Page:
As a landscape photographer, you are always at the mercy of nature and its unpredictability, especially when it comes to weather. It is able to completely transform the mood and feel of a place, even when you think you have seen it all. I enjoy this challenge as it reminds me of my days as a performing musician, and improvising was a skill I practiced endlessly in order to gain confidence and improve my musical abilities.
I do the same in photography, trying to adapt my way of seeing so that I’m not looking for the same types of images, but instead allowing myself to be open to new ideas in unfamiliar situations. So often it’s easy to fall into a routine in terms of composition, color choices, or favoring certain techniques or visual cues. For me it always comes down to how a place feels, what is it about it that intrigues me and what do I want to say or convey in the image to others. While I might usually like high contrast, skies with lots of interesting clouds, and exciting colors, working with what you have at any given moment, and adapting the right mental attitude about the situation is key for me, and more important than the camera I’m using or how many lenses I have available.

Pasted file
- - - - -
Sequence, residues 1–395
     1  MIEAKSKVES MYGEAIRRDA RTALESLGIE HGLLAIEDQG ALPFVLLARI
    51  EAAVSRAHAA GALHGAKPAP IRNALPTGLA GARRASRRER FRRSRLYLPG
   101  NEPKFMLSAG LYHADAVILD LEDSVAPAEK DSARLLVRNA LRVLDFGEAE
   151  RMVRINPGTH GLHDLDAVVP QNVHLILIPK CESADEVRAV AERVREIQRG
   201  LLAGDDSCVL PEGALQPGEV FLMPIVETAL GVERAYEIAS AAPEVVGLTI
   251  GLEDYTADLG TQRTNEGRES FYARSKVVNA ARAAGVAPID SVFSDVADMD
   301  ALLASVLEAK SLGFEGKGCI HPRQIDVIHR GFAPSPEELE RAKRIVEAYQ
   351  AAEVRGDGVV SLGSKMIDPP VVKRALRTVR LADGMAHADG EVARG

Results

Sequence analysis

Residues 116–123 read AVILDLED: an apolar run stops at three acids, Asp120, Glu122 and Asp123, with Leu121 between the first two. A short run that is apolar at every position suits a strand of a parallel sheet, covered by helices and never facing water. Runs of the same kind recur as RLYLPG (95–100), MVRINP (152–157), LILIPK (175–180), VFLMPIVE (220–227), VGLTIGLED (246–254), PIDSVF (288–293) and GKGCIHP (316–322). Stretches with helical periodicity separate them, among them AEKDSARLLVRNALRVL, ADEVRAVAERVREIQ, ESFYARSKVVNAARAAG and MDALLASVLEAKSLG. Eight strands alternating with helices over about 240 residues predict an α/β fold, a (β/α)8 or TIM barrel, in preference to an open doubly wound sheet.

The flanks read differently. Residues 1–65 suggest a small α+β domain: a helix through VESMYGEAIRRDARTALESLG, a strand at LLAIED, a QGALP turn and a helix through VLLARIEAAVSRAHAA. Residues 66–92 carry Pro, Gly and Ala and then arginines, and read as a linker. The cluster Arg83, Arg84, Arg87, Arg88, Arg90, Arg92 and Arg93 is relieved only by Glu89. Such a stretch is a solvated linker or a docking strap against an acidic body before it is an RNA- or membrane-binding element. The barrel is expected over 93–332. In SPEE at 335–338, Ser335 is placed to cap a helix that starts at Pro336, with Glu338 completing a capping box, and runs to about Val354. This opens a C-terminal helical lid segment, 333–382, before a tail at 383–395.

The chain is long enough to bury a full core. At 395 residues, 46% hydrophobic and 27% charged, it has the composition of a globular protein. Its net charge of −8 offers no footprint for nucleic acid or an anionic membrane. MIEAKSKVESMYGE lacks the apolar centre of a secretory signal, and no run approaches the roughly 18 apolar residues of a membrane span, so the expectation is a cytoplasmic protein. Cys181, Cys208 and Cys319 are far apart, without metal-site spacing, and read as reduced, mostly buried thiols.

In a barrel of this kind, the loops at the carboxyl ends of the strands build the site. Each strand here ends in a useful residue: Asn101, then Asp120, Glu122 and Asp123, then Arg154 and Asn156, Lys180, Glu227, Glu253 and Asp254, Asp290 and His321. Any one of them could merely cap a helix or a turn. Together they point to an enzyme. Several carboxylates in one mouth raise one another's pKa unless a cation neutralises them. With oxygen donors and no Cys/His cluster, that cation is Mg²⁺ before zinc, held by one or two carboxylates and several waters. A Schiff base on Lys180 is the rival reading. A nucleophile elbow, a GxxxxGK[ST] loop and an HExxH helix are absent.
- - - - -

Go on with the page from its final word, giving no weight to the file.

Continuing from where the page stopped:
I’ve been asked what is my favorite lens, and I honestly don’t have one. First, it depends on the situation and what I’m trying to accomplish, and second, my favorite is the one I have on the camera the moment something exciting and dramatic is happening in front of me. I could say my standard lens is my Canon 17-40mm wide angle, but I often find myself improvising when either I don’t have time to change the lens, or only brought one with me (which I often do more than I care to admit).
This was the case when I made this image, having only brought my 70-200mm zoom lens on a hike up to the summit of Mt Beacon on a rainy, foggy morning. I do this as an exercise in order to really get to know a particular lens, and also to focus more on “seeing” and less on the gear and its tendency to get in the way. When I found this scene, I wished I had brought a wider lens, but realized I would have to improvise and compose a much “tighter” view of the trees, which I think is what makes the image stronger. Had I used a wider lens, perhaps it would have been too ambiguous, often a sign of a weak image.
One of the phrases I repeat to students in my workshops is “if you can’t state what an image is about in a single phrase or sentence, then it’s too busy”. I first heard about this idea from a great book by Brenda Tharp, and it has stuck with me ever since, always in the back of my mind when I’m photographing. It was certainly on my mind this particular morning, and I tried to apply it as I worked to get just the right balance of trees, ground, and fog.
Mysterious yet familiar, this is what I felt and tried to capture, opposing ideas, yet so clear to me that moment.